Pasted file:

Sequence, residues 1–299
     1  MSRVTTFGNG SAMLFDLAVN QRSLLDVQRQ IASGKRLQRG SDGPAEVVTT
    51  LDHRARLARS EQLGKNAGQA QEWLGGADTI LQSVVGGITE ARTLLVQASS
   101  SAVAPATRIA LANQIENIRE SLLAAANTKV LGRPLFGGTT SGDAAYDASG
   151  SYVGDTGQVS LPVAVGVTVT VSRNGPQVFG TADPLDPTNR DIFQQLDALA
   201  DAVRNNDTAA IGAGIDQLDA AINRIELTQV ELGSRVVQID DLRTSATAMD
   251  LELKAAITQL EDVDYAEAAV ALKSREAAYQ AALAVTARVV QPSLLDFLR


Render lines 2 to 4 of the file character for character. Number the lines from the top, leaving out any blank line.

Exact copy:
     1  MSRVTTFGNG SAMLFDLAVN QRSLLDVQRQ IASGKRLQRG SDGPAEVVTT
    51  LDHRARLARS EQLGKNAGQA QEWLGGADTI LQSVVGGITE ARTLLVQASS
   101  SAVAPATRIA LANQIENIRE SLLAAANTKV LGRPLFGGTT SGDAAYDASG